Quarter for your thoughts

Here's what was available to be learned this spring.

A Kentucky Derby fought by 20 horses in the mud says little about the winner. Such a race often turns into little more than a workout for a good horse that narrowly avoids being trampled. Somebody surviving the obstacle course to finish sixth or seventh is apt to have a better future than those finishing up front. Two things happen in Triple Crown races that won't show up again -- 20-horse attacks, and mile-and-a-half marathons. Knock half a dozen gates off the Derby.

"FJ" is a great trouble line -- fired jockey. Jockey firings preceded two impressive Triple Crown wins.

Those enjoying the Belmont exacta or trifecta are indebted to all those who wagered such an amazing amount of money on Ice Box to close 20 lengths against no pace to win, place or show. Such a beat-down could cause many horseplayers to take their mad money to a casino, the beautiful irony here being that slots, the demon game that once threatened horse racing, now helps to support it.

When considering the opinion of a "professional" handicapper, which is a handicapper who gets paid a little something, win or lose, it helps if the reason given for playing a horse makes at least a little sense. Certain old-school handicapping angles came into play this Triple Crown season, layoffs being a negative, for one.

Concerning the search for "value," has there ever, in the great history of all the Triple Crown races, been an exotic wager payoff that didn't have "value?"

Now, about that Belmont song that spooked Make Music for Me and set dogs watching on TV to howling, congrats to the ABC director who went to a commercial about halfway through those wild notes.

Finally, this brief primer on a big piece of summertime Americana pie, quarter horse racing, where, at this moment, people are probably glued to the finish line, asking: Who won?

Quarter horses run a quarter of a mile, more or less. Looking at it in terms of the gridiron -- four-and-a-half football fields sounds like plenty of leg-stretching room. But program in 50 yards of banging at the start, and 50 yards of checking for aches and pains and thanking your lucky stars, a race is over before you can say: Who was second?

Quarter horse race announcers seldom go with, "They're off." "They're running," or "They're racing" is more appropriate, as, when the gate opens, they're like greyhounds, they're gone. Whereas some thoroughbred announcers blotch finishes while trying to interject themselves into the lore with a memorable tagline, quarter horse race announcers sound like auctioneers, it's like trying a play-by-play of dice rolling across the felt.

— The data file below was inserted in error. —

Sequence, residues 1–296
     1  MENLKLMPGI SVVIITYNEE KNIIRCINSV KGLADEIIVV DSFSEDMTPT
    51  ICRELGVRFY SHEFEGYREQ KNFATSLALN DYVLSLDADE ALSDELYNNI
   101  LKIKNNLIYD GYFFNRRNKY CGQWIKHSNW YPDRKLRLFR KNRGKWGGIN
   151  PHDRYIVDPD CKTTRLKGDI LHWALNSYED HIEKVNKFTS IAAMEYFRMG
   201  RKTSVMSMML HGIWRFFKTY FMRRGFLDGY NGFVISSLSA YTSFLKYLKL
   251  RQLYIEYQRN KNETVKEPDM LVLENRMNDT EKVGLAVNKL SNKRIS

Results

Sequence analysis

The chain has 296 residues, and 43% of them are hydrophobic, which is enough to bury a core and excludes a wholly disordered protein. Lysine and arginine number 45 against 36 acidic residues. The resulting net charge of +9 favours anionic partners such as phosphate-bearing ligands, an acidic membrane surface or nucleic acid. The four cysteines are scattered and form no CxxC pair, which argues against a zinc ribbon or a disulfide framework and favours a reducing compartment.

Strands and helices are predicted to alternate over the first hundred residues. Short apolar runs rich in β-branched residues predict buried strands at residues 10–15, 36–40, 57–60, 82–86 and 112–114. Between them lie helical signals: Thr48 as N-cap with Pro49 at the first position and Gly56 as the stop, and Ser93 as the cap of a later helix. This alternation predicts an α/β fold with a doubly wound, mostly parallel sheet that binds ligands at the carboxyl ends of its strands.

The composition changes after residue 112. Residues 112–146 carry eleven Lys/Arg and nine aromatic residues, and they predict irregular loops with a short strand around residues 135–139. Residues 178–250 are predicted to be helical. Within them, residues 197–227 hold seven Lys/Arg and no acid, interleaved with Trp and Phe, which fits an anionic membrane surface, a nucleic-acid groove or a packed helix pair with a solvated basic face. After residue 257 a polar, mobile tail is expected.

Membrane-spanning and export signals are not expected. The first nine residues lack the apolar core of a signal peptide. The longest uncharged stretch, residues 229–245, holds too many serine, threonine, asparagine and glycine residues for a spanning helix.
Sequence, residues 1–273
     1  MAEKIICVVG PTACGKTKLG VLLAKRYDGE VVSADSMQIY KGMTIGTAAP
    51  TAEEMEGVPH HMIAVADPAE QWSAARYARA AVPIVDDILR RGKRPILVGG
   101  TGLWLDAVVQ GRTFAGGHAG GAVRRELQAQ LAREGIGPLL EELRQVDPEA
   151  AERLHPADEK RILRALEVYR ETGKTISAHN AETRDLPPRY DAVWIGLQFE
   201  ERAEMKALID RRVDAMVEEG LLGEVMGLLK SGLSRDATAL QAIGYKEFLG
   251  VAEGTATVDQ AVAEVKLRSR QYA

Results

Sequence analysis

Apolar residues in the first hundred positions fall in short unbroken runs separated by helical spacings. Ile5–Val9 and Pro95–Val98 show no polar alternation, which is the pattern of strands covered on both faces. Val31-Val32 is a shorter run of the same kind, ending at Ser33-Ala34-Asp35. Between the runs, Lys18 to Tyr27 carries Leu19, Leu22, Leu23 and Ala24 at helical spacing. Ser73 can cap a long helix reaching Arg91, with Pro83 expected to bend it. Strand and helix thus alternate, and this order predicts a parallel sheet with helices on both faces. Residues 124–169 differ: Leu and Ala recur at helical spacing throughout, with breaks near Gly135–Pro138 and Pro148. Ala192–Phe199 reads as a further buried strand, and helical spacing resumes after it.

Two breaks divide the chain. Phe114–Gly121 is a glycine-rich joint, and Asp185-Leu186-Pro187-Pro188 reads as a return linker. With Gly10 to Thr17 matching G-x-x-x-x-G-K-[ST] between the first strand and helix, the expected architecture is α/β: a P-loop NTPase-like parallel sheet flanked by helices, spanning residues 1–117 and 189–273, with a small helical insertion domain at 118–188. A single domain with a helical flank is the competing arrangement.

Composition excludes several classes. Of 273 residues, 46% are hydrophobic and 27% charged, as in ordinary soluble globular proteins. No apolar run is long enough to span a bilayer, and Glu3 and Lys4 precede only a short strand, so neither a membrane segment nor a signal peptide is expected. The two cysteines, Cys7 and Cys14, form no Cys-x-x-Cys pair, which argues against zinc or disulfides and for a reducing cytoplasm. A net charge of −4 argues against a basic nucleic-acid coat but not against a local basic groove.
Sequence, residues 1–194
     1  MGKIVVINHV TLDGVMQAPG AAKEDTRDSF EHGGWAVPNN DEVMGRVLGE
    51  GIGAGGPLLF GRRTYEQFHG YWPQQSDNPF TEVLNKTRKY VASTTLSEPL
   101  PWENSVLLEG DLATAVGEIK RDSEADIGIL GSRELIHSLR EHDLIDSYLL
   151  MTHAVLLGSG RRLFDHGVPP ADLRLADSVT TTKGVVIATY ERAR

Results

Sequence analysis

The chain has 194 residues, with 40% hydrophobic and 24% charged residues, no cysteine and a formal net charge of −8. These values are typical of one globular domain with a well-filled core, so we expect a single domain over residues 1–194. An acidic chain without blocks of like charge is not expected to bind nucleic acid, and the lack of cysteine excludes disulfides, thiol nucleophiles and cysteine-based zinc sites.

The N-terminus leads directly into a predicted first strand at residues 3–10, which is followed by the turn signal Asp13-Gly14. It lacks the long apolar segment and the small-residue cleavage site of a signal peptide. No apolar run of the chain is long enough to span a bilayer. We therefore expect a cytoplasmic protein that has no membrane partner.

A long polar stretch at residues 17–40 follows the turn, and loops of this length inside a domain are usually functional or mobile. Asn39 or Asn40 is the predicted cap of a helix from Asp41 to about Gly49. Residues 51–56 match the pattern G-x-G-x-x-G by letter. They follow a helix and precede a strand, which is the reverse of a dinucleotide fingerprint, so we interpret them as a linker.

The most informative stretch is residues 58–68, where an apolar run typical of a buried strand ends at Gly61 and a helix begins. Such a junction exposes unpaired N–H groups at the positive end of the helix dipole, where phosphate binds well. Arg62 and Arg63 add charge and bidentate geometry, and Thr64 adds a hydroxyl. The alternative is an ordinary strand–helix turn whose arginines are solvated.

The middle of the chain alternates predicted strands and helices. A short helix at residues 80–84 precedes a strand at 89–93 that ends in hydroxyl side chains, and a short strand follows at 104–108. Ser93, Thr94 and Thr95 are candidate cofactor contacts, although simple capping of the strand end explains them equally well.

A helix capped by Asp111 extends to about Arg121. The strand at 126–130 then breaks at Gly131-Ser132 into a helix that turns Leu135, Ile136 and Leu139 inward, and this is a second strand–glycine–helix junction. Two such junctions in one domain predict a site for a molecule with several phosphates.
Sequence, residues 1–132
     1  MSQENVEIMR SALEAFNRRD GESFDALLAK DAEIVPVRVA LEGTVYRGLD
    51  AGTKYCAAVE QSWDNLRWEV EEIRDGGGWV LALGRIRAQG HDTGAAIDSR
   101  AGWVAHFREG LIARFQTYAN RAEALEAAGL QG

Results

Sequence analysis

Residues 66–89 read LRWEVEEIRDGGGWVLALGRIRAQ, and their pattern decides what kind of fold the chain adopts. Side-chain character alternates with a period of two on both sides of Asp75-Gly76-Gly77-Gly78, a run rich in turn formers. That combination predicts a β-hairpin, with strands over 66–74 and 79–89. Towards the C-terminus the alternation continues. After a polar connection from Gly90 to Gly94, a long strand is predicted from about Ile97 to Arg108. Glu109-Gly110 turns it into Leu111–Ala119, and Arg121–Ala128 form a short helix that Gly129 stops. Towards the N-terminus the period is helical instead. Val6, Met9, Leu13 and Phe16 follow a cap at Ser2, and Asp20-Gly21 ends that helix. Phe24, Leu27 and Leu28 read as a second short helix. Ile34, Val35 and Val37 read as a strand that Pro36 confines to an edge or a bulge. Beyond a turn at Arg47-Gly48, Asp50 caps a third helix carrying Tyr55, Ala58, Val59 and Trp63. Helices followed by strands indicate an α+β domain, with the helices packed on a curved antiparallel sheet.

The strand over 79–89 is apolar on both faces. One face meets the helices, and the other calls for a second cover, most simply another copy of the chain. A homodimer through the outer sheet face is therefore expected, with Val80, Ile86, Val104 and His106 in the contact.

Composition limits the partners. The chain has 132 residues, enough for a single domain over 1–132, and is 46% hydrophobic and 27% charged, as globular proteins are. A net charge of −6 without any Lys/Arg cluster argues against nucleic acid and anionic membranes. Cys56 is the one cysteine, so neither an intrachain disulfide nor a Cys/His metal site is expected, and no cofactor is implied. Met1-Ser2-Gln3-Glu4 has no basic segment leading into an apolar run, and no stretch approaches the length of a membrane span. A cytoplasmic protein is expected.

Here are some approximate tips for some summertime rocket racing.

Quarter horses run to form more than you might guess; true, most might guess they would never run to form.

The start is obviously critical. Always check the history of starts for the horses around the one you like. There's so much trouble in the average quarter horse race, the description "no trouble" would be newsworthy at the end of a past performance line. Malice is grounds for a DQ, what else, I couldn't say.

Layoffs don't matter much, couple of years, few days, work is measured in groups of seconds, here.

Almost ancient jockeys can get the job done. One of the all-time great quarter horse riders is Roy Brooks. He is 68 years of age and was quoted from a hospital bed, as he recovered from a racing fall, saying that he would be back better than ever.

There can be a huge post position bias in quarter horse racing.

Quarter horses cover much of the width of the home stretch. And surfaces vary greatly, inside to outside, with the middle usually being the high ground. I have seen rails so deep due to drainage that the gate was shoved far onto the track, making the 1 post actually about the 3. If you play the 1 or the 10, make sure the horse has hops. The outside post encourages horses to run to daylight, to take a right.

Here's something odd and profitable at many quarter horse events: quinella wagering is available, a proposition that pays off if your horses run first or second in any order. What's charming is that quinellas usually pay more than half of what's posted for an exacta, down-home hospitality at its best.

Write to Jay at jaycronley@yahoo.com.